System memory 2020, removable storage 2051 and non-removable storage 2052 are all examples of computer storage media. Computer storage media includes, but is not limited to, RAM, ROM, EEPROM, flash memory or other memory technology, CD-ROM, digital versatile disks (DVD) or other optical storage, magnetic cassettes, magnetic tape, magnetic disk storage or other magnetic storage devices, or any other medium which can be used to store the desired information and which can be accessed by computing device 2000. Any such computer storage media can be part of device 2000.
Computing device 2000 can also include an interface bus 2042 for facilitating communication from various interface devices (e.g., output interfaces, peripheral interfaces, and communication interfaces) to the basic configuration 2001 via the bus/interface controller 2040. Example output devices 2060 include a graphics processing unit 2061 and an audio processing unit 2062, which can be configured to communicate to various external devices such as a display or speakers via one or more A/V ports 2063. Example peripheral interfaces 2070 include a serial interface controller 2071 or a parallel interface controller 2072, which can be configured to communicate with external devices such as input devices (e.g., keyboard, mouse, pen, voice input device, touch input device, etc.) or other peripheral devices (e.g., printer, scanner, etc.) via one or more I/O ports 2073. An example communication device 2080 includes a network controller 2081, which can be arranged to facilitate communications with one or more other computing devices 2090 over a network communication via one or more communication ports 2082. The communication connection is one example of a communication media. Communication media may typically be embodied by computer readable instructions, data structures, program modules, or other data in a modulated data signal, such as a carrier wave or other transport mechanism, and includes any information delivery media. A “modulated data signal” can be a signal that has one or more of its characteristics set or changed in such a manner as to encode information in the signal. By way of example, and not limitation, communication media can include wired media such as a wired network or direct-wired connection, and wireless media such as acoustic, radio frequency (RF), infrared (IR) and other wireless media. The term computer readable media as used herein can include both storage media and communication media.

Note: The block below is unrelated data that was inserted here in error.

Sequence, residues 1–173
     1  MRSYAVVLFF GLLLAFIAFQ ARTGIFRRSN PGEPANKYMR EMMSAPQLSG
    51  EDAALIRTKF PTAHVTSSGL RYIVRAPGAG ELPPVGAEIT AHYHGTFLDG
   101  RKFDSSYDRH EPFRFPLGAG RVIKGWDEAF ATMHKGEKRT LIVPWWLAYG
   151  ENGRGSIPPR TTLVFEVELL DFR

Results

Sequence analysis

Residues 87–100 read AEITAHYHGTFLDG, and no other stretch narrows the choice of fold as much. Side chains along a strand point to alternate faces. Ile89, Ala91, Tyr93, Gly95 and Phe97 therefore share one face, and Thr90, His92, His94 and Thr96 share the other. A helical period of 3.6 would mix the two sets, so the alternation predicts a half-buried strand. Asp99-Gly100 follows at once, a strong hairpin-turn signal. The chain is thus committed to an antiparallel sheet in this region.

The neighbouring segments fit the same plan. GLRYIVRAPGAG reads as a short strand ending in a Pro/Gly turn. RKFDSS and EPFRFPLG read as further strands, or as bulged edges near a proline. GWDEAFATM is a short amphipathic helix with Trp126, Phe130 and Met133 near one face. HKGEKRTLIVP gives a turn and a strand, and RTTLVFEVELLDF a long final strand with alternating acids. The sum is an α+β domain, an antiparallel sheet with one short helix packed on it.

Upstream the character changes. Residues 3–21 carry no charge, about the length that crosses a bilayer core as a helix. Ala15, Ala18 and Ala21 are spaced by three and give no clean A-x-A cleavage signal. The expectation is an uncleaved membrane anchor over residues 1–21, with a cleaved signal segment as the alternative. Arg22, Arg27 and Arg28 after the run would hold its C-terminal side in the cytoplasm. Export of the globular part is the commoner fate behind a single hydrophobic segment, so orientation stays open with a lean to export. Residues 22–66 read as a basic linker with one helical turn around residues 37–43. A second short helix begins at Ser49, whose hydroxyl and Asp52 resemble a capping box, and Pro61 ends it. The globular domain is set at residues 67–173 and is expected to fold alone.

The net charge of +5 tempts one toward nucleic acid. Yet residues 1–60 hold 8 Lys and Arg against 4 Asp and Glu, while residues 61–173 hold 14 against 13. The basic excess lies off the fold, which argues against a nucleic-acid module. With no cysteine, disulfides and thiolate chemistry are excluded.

Computing device 2000 can be implemented as a portion of a small-form factor portable (or mobile) electronic device such as a cell phone, a personal data assistant (PDA), a personal media player device, a wireless web-watch device, a personal headset device, an application specific device, or a hybrid device that include any of the above functions. Computing device 2000 can also be implemented as a personal computer including both laptop computer and non-laptop computer configurations.
There is little distinction left between hardware and software implementations of aspects of systems; the use of hardware or software is generally (but not always, in that in certain contexts the choice between hardware and software can become significant) a design choice representing cost vs. efficiency trade-offs. There are various vehicles by which processes and/or systems and/or other technologies described herein can be effected (e.g., hardware, software, and/or firmware), and that the preferred vehicle will vary with the context in which the processes and/or systems and/or other technologies are deployed. For example, if an implementer determines that speed and accuracy are paramount, the implementer may opt for a mainly hardware and/or firmware vehicle; if flexibility is paramount, the implementer may opt for a mainly software implementation; or, yet again alternatively, the implementer may opt for some combination of hardware, software, and/or firmware.